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Customer Inter@ction Solutions
June 2007 - Volume 26 / Number 1
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Ten Solutions To Common Problems With Workforce Management Implementations

By Tracey E. Schelmetic, Editorial Director, Customer Interaction Solutions


Over the years, you’ve probably read a lot of articles about the most important things to consider when buying workforce management. You probably know them by heart: get executive buy-in, form a task force to determine needs, be sure integration will be easy, don’t buy features you don’t need, etc. You’re probably tired of hearing them. You also probably found that, last time around, even after due-diligence, you ended up with a solution that still didn’t quite meet your needs.

Your problem: Last time you bought workforce management, the company you bought from forgot your name 20 minutes after they left the building and has now unlisted its phone number.

The solution: Consider the values of your future partner.
Consider your purchase of workforce management software as the beginning of a project instead of the end, and the start of a hopefully strong relationship with your WFM vendor. As soon as implementation begins, you’re left not just with the software, but with the people who support it, and they’ll make a huge difference in
your success.

Selecting the right vendor is therefore critical.The most powerful software is
useful only if it is properly installed, and users are well trained and continuously supported. Contact centers understand what customer service is all about, and you should expect the same attitude and spirit from your vendor. When selecting a vendor, ask the following:

• How long does it take for the vendor to answer requests?
• What are the vendor’s policies around product evolution?
• Does the vendor have an
established users’ group, and how often does it meet?
• What do the vendor’s current customers have to say?

Your problem: The solution looked
great in the brochure, and at the scripted demo at the trade show, it seemed like it was made for your company. Strangely enough, once you’ve gotten it implemented in your call center, you’ve discovered that it was really designed for companies warehousing and shipping government surplus cheese in 1982.

The solution: When viewing vendor demos, make sure the vendor can demonstrate how their solution will meet your objectives, operational needs and specific future needs.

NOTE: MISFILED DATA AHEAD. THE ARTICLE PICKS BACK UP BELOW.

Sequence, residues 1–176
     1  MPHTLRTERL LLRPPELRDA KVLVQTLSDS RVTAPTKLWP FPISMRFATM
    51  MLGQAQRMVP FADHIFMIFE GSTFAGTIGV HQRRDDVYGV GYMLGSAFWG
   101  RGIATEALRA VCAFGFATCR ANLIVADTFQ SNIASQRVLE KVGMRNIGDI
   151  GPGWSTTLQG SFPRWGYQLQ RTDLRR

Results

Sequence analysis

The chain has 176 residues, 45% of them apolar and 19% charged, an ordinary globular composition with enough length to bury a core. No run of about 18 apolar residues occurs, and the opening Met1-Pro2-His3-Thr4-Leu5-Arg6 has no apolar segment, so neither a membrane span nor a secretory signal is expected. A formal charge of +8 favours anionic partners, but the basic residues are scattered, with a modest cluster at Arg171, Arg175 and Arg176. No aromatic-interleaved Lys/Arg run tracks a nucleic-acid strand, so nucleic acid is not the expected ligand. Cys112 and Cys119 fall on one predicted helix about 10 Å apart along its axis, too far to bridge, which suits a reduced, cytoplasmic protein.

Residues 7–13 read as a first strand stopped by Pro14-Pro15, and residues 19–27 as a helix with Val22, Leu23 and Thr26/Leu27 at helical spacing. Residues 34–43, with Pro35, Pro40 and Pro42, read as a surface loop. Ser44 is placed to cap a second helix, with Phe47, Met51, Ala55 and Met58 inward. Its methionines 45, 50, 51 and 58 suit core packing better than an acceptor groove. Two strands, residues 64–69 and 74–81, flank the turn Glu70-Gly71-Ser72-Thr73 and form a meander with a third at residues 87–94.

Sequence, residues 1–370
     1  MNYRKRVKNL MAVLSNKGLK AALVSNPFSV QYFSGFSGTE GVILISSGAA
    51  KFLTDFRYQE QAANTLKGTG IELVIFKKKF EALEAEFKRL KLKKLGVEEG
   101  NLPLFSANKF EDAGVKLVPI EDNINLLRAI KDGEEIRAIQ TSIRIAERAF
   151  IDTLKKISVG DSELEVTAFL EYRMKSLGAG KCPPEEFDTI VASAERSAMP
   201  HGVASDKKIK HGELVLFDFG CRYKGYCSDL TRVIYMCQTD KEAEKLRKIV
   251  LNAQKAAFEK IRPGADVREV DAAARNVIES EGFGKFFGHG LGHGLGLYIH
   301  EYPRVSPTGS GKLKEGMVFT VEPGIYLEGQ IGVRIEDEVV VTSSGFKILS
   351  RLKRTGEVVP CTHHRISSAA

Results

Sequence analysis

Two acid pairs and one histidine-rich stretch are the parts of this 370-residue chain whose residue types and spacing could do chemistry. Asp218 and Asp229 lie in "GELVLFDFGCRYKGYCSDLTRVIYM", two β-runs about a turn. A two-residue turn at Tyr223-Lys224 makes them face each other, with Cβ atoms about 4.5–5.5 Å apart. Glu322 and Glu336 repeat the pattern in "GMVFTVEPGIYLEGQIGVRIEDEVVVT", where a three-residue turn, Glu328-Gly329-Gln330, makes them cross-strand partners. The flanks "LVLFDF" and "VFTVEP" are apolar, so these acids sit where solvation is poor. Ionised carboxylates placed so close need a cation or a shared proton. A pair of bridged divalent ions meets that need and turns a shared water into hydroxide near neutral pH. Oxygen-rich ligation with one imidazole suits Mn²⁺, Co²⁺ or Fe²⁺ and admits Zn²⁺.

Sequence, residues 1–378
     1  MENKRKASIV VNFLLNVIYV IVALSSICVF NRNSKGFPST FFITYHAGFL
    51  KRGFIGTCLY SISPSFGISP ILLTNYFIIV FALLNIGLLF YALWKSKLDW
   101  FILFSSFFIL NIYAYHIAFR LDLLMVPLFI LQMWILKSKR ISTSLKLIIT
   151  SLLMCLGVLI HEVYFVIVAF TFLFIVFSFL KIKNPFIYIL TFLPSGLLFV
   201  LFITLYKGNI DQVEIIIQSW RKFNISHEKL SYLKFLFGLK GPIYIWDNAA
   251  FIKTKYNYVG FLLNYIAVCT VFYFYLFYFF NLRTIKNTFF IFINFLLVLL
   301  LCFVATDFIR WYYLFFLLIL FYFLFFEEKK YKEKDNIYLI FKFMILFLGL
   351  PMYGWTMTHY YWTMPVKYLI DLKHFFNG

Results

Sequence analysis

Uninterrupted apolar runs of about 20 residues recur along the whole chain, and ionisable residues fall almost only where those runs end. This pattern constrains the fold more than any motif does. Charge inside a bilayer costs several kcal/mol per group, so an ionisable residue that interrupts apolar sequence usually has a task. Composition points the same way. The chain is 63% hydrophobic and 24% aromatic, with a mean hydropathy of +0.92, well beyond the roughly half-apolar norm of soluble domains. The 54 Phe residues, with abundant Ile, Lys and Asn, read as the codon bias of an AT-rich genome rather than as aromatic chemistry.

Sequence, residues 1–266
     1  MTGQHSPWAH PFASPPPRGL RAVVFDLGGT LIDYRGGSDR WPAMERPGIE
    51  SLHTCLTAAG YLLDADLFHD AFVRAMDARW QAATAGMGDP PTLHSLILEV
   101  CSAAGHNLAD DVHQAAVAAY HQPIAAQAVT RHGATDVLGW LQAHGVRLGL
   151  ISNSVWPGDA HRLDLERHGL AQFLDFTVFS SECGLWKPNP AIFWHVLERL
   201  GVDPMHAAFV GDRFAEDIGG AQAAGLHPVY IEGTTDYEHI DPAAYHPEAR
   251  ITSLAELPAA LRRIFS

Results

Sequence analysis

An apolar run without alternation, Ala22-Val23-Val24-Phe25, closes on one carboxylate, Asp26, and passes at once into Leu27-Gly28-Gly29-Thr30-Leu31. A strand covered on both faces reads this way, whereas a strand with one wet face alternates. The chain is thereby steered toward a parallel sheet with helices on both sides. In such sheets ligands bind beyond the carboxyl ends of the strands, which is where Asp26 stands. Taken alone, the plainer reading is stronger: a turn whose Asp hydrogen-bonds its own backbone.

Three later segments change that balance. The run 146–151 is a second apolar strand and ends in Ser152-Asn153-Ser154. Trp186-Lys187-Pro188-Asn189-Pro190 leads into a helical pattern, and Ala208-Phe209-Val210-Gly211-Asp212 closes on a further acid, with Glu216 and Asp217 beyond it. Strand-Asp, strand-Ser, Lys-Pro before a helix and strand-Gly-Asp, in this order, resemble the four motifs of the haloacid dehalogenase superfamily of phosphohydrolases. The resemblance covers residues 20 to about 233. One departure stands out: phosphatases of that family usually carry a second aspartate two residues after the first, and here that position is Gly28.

Armed with your prioritized business needs, you can approach software selection with confidence. All you really want to
buy is software that satisfies the vital items and that meets specific future needs you have also labeled as vital. This kind of prioritization proves invaluable during the many vendor demos you are likely to be subjected to.
If you can obtain software for the same price that includes the vital items and a few desirables, that may be the best option. But if you have to pay more to obtain merely desirable functionality, why bother? Or worse, if a salesman puts on an Oscar-worthy performance extolling the virtues of features you have already labeled as unnecessary, you won’t be swayed by the interest of the moment. (Ignore the IT guy gasping “That’s soooo cool!” at the end of the conference table.)

But take things a stage further. Demand that each of the vendors on your short list actually demonstrate how their solution will meet your specific objectives and operational needs. This step should be visual, not oral — you want to see it with your own eyes, not hear yet another round of vendor promises. The one that can demonstrate the fulfillment of your vital needs at the best price will be the best candidate.

Your problem: The vendor’s ROI calculations were achieved by no methods known to modern mathematics…or even astrology or tarot cards.

The solution: Compare vendors’ estimated ROI to your own.
Factor in decreases in agent labor hours, operational hours to forecast and schedule across the entire contact center enterprise, and an increase in calls handled and service levels. You will probably be handed ROI workouts by the various vendors and some may include some gifted statistical “adjustments.” It’s easy to be impressed by these, but safer to stick to numbers you can trust – your own. So have in hand your own numbers and see how the various tools and offerings work out under your own ROI model.